LANGFITT: When coal prices were high and the government poured money into infrastructure, Luliang's economy boomed. Just five years ago, in 2010, GDP growth was a staggering 21 percent, and Gao's factory was pumping out 700,000 tons of cement a year. Last year, though, GDP here shrank by 2 percent. And this year, Gao's cement plant only produced 30,000 tons while the company's employment fell from a high of 1,000 workers to just 100. Gao says no one seemed to see the crash coming.
GAO: (Through interpreter) We didn't worry. We felt in our hearts that things would always be good and that there would be no problem. Now we have a sense of crisis.
LANGFITT: Gao blames government officials for ignoring the basic laws of supply and demand.
GAO: (Through interpreter) They didn't consider the possibility that once something is in oversupply, it will no longer be valuable.
LANGFITT: Instead, Gao says, officials pushed for more coal mines and housing developments to boost GDP numbers on which their promotions were based. Those projects also generated a lot of bribes.
GAO: (Through interpreter) For example, when applying for a business license, a company needs to go through layers of bureaucracy for approval. Officials took kickbacks, so this is why there are so many coal companies. Actually, some shouldn't even have opened.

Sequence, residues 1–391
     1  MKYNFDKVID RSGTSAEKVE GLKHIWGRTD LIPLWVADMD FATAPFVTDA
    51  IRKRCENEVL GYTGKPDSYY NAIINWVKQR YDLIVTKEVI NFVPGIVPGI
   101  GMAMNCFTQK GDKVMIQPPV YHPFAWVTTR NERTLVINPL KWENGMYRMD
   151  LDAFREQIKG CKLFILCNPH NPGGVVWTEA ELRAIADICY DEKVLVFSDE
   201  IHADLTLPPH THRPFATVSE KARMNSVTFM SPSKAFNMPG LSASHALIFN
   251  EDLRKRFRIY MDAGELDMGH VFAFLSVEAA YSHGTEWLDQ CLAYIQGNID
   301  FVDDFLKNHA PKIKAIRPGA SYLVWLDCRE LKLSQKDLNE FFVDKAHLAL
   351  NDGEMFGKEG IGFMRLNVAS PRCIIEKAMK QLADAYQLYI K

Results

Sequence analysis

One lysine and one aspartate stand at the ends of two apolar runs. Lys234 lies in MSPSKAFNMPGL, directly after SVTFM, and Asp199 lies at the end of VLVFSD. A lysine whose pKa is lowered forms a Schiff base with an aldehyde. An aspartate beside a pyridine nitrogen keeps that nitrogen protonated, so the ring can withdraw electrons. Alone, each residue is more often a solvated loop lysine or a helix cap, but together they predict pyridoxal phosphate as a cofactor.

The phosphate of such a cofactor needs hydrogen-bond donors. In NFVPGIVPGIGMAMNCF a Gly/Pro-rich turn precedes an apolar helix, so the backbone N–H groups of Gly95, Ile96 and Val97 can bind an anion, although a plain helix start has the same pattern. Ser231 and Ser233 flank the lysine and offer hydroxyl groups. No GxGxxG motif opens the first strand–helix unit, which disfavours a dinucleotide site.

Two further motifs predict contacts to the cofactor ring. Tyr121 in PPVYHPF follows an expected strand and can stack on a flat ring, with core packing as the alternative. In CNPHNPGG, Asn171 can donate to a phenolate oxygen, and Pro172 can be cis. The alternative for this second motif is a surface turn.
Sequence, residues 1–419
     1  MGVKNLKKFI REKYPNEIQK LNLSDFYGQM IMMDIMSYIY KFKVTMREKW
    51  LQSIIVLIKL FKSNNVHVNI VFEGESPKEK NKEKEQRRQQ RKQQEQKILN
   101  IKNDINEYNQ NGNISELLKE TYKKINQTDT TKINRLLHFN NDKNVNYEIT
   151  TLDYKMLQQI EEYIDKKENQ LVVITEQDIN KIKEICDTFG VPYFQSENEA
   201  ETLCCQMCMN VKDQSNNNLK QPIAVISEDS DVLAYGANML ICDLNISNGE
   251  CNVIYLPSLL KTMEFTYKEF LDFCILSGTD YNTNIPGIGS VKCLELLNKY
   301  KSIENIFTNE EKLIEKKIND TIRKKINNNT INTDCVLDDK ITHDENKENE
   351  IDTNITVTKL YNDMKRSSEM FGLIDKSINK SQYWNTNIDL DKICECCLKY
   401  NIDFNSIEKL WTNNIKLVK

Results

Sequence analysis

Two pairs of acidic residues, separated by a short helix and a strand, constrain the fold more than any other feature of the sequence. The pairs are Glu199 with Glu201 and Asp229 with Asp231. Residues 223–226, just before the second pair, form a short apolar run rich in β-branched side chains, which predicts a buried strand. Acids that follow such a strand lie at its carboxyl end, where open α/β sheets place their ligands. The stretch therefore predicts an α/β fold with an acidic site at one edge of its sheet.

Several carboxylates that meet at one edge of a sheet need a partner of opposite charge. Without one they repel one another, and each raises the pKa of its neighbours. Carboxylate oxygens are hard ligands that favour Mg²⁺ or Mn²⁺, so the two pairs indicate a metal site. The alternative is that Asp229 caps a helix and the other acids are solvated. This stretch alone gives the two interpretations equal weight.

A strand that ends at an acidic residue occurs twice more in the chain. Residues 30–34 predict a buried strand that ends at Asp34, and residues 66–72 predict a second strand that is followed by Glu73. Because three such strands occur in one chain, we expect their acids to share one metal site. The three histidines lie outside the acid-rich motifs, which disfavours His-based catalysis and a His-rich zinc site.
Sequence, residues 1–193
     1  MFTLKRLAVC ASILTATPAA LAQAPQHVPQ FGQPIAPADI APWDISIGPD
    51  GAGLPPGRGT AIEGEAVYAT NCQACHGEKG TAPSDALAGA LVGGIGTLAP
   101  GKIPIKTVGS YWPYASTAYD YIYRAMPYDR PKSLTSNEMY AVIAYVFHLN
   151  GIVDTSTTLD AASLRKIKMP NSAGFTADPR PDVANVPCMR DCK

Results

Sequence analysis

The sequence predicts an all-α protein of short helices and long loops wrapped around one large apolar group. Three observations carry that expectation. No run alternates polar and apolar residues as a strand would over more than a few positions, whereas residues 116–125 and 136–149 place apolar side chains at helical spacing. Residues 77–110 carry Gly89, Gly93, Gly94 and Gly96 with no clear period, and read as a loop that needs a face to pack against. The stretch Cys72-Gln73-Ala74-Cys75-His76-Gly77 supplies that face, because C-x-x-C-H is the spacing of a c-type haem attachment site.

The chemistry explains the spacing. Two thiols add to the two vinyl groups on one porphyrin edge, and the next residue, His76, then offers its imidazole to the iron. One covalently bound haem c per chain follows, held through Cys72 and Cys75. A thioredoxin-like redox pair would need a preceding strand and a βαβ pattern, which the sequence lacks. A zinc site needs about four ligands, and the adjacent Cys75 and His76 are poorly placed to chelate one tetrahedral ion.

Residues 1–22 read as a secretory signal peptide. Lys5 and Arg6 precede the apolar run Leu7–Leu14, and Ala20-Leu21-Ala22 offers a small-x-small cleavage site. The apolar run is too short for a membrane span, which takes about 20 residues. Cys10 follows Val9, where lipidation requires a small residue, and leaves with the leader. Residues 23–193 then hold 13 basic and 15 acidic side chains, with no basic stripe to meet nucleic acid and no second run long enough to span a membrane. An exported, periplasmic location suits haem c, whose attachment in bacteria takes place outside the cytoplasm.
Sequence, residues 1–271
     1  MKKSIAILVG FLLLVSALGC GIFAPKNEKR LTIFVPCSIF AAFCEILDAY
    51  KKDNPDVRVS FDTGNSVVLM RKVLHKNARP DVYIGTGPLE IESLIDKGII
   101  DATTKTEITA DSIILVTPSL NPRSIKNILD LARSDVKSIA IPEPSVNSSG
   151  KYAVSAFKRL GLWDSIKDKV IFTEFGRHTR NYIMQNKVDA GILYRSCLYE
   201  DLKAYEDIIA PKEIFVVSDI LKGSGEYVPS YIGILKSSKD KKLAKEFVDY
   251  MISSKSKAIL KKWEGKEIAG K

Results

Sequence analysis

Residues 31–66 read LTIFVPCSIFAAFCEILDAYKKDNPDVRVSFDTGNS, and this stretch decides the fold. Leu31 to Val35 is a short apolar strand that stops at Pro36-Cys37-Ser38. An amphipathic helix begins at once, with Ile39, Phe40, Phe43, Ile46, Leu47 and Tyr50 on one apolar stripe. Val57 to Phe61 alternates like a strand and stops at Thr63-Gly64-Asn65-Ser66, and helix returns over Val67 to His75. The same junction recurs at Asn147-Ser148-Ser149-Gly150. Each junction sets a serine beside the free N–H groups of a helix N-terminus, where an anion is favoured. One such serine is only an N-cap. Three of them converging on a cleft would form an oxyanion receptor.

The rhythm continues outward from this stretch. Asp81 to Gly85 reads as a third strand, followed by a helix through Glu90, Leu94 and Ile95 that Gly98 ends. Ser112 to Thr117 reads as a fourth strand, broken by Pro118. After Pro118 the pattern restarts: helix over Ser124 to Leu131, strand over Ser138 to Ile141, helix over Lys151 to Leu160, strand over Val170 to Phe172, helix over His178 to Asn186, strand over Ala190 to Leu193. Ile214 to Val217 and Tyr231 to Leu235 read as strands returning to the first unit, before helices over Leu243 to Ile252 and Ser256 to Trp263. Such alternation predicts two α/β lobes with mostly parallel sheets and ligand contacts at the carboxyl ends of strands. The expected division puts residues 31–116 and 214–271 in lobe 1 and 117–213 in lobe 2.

LANGFITT: Many of the empty apartment towers that now litter Luliang's skyline - they shouldn't have been built either. I went to take a look at one called China Culture Garden.
So I'm walking into this compound, and there are six huge apartment blocks. They're probably about 18-stories high. There must be maybe 800, 900 apartments here. If you look inside the windows, there's no furniture. There are no people. And also, if you look around, there aren't any buyers. I'm like the only person in here. (Foreign language spoken).
UNIDENTIFIED MAN #2: (Foreign language spoken).
LANGFITT: Inside, I ask a manager named Liu how many apartments they've sold.
LIU: (Foreign language spoken).
LANGFITT: He says it's a mimi. That's Chinese for secret.
in the me that is Chinese for secret. The rental market doesn't seem much better. I walk the halls of the city's best luxury compound
(SOUNDBITE OF MUSIC)
LANGFITT: And all the doorbells were programmed to play this. I met a guy who was renting a 2000-square-foot penthouse on the 32nd floor. His monthly payment - 156 bucks. Yes, you heard that right - $156.